Wednesday, May 20, 2009
The Hump Day Shuffle: 2003
1. Sun Kil Moon - Carry Me Ohio - Ghosts of the Great Highway
For whatever reason, this is the only Mark Kozelek project I've ever really gotten into, but I absolutely love the album. Overall, it's sort of a Neil Young meets Jesus & Mary Chain vibe... sorta. There's a mysterious beauty to the whole album, but perhaps no moreso than on this song - a slow and careful burner, with fleeting images of youth woven in with an unrequited love.
2. OutKast - The Way You Move - Speakerboxxx
The slightly less huge of two monster hits from this groundbreaking double album, "The Way You Move" has a Motown chorus, live Stax horns and one hell of a soulful groove. The way OutKast chopped, diced and reconceptualized hip-hop will guarantee that this album - slightly bloated though it may be - will live on for decades.
3. Rainer Maria - Mystery and Misery - Long Knives Drawn
A 2003 album I just found a few months ago, this is loud, uplifting alternative rock in the mold of the Breeders. The elements are all there: great fuzzy guitar, relentless driving beat and Caithlin de Marrais up front with one hell of a head-swinging, catchy chorus.
4. Jesse Malin - Wendy - The Fine Art of Self-Destruction
This is a perfect follow-up to the Rainer Maria, high-energy rock n' roll. This solo debut from the former D Generation singer was produced by Ryan Adams. Plus, The Boss is a fan, which never hurts as far as I'm concerned. You get what you expect - leather jacket attitude and all - but it's just so well done. I put "Wendy" on one of my mixes about four years back, and I still love this song.
5. Air - Alone in Kyoto - Lost In Translation Soundtrack
This is easily among the best and most appropriately tied to its film of any soundtrack I've ever heard. French electro-pop perfectly parallels the story of Americans wandering aimlessly through Tokyo. It's no coincidence that the song is titled "Alone" and the film is "Lost." This is a terrific pairing.
6. Emmylou Harris - I Will Dream - Stumble Into Grace
I've listened to the two Emmylou albums that proceeded this one - Wrecking Ball and Red Dirt Girl - a ton, but hardly at all for this one. But the formula and personnel (with Malcolm Burn producing, as he did on Red Dirt Girl) seem to follow suit, so I'm probably just slow to catch up. Emmylou Harris is easily one of the best singers ever, and after Rolling Stone rated singers last fall, I sat down to make my own list, and she came in second behind just Van Morrison. Where that leaves me, though, with a song like this one I barely know, is how to approach the song on its own merits, apart from the singer. Because even the best singers certainly have better songs just as they have lesser ones. We'll see...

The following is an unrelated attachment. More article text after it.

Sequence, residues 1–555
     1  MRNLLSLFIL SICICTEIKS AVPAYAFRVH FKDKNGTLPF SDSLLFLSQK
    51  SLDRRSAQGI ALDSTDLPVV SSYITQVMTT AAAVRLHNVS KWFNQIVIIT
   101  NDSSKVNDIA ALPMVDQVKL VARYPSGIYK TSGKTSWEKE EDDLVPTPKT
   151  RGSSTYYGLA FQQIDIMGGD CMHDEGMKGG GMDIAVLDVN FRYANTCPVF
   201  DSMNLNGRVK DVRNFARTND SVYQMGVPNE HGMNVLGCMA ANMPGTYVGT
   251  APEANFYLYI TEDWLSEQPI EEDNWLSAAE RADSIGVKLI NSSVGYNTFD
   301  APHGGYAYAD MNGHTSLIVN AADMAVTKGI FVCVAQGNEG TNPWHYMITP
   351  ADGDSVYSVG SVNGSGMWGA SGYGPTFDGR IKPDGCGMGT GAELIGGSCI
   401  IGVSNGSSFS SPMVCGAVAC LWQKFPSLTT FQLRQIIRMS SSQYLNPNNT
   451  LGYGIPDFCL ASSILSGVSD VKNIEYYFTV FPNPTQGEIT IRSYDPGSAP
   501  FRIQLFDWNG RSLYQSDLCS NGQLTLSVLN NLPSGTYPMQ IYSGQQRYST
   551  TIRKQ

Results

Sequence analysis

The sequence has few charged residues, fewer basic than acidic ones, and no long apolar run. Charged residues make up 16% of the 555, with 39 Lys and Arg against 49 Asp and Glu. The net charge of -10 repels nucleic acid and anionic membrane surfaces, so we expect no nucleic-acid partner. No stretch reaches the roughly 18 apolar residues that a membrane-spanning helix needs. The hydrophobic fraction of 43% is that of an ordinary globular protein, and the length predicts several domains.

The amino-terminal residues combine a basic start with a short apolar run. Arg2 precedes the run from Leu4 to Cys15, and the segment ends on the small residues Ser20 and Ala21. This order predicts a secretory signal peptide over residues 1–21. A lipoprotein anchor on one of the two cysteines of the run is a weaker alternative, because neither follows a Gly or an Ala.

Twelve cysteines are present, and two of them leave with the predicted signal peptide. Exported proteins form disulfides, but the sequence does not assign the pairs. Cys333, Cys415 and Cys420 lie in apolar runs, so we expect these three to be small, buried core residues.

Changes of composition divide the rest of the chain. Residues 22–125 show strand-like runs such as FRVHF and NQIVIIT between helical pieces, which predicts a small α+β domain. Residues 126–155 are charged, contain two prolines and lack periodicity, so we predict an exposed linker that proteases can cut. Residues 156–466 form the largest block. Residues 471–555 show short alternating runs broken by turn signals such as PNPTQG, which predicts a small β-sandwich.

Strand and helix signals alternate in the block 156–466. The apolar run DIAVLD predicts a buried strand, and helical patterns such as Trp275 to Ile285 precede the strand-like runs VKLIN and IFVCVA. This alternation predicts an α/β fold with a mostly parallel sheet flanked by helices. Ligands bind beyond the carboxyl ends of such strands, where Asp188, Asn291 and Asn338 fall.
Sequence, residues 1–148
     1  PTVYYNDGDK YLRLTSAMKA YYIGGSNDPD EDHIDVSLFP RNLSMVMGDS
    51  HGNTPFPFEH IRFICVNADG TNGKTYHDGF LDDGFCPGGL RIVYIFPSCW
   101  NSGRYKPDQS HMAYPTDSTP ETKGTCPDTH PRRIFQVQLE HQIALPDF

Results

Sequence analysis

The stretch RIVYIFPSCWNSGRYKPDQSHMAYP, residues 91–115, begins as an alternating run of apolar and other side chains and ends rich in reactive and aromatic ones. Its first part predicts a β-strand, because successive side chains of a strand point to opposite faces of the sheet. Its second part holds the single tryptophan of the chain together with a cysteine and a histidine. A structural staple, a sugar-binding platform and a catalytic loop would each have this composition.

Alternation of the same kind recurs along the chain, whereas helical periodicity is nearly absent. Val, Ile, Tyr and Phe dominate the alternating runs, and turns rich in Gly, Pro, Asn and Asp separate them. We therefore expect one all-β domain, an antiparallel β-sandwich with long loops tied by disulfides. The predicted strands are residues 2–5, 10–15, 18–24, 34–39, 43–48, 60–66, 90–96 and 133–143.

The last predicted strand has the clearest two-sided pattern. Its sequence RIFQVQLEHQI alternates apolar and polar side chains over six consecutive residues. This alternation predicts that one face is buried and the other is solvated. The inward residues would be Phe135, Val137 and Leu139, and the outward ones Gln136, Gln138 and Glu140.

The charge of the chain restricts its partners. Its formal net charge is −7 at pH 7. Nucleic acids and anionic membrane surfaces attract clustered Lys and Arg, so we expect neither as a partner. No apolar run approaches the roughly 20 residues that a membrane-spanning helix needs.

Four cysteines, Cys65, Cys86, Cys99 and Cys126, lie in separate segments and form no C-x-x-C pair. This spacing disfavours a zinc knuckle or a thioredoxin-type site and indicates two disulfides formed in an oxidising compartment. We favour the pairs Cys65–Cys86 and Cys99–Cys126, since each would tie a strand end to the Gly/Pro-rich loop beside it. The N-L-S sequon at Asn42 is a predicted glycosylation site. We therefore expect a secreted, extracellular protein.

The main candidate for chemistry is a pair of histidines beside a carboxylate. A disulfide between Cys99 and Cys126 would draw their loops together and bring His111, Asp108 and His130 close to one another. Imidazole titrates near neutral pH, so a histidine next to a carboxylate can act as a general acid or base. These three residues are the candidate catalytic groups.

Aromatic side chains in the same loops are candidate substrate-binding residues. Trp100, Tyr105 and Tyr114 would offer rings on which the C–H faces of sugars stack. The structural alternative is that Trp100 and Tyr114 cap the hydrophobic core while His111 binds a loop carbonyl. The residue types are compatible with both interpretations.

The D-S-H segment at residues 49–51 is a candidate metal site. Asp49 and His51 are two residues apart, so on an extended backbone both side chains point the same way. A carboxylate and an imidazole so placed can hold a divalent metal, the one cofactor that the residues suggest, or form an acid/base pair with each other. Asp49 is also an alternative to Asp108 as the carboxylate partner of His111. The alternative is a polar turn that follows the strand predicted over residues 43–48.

7. Ryan Adams - This Is It - Rock N Roll
I can distinctly remember not giving a damn that Ryan Adams decided to turn his guitars loud and mean on this album. Sure it wasn't outstanding, but this album got shredded by critics. I like it, and not just as a curveball from a prolific songwriter. It it hadn't been Ryan Adams' name on the album, I think it would've been hailed as this great rock record that started peeling away the laters of 1980s alternative. Rock N Roll is easily as good as the Killers, or Kings of Leon, or the Strokes or whatever else was getting praise in those days. "This Is It" charges right at you, sharp and loud, but polished, part arena, part dirty nightclub, like a lot of what came before, but served up as good as just about anybody. For me, Ryan Adams peaked with Whiskeytown's Strangers' Almanac,and I was surprised he could turn in such a good rock album.
8. Crooked Fingers - Don't Say A Word - Red Devil Dawn
I bought this album when I first saw the Crooked Fingers play, in December 2003 at Solar Culture, and the band has been steadily rising among my favorites since then. Eric Bachmann is one of the best songwriters working today, and I don't say that lightly. "Don't Say A Word" is violin, finger-picked guitar, and a snare drum, but hardly delicate. Bachmann's rough voice brings all of his songs plenty of character. I've turned back to this album - and this song - an awful lot in the last five plus years. And it's not even Crooked Fingers' best work.
9. Steve Earle - I Remember You - Just An American Boy
This double live album very very closely resembled the first Steve Earle show I saw - half a year earlier, in support of the Jerusalem album, less than two months before the United States launched its illegal invasion of Iraq. The writing was on the wall then, for sure, and Steve didn't let it pass. But in his shows and on his albums, he still wrote and performed what I call his "Fearless Heart" songs, sorrowful and aching and the type of things that bore into you. Emmylou sang the female part on Jerusalem, but Garrison Starr filled in well live and on American Boy.
10. The Decemberists - Red Right Ankle - Her Majesty The Decemberists
I was knocked pretty hard by this Decemberists album - the first I heard and still my favorite, by a long shot. Despite the whimsy, there's a simplicity here, and that's a greater accomplishment than the more elaborate stuff they'd turn to later. If the Decemberists conjure in your mind folks outfitted in full-bore steampunk style, this is those same folks when they still wore T-shirts and torn jeans.
Decemberists - Red Right Ankle
Rainer Maria - Ears Ring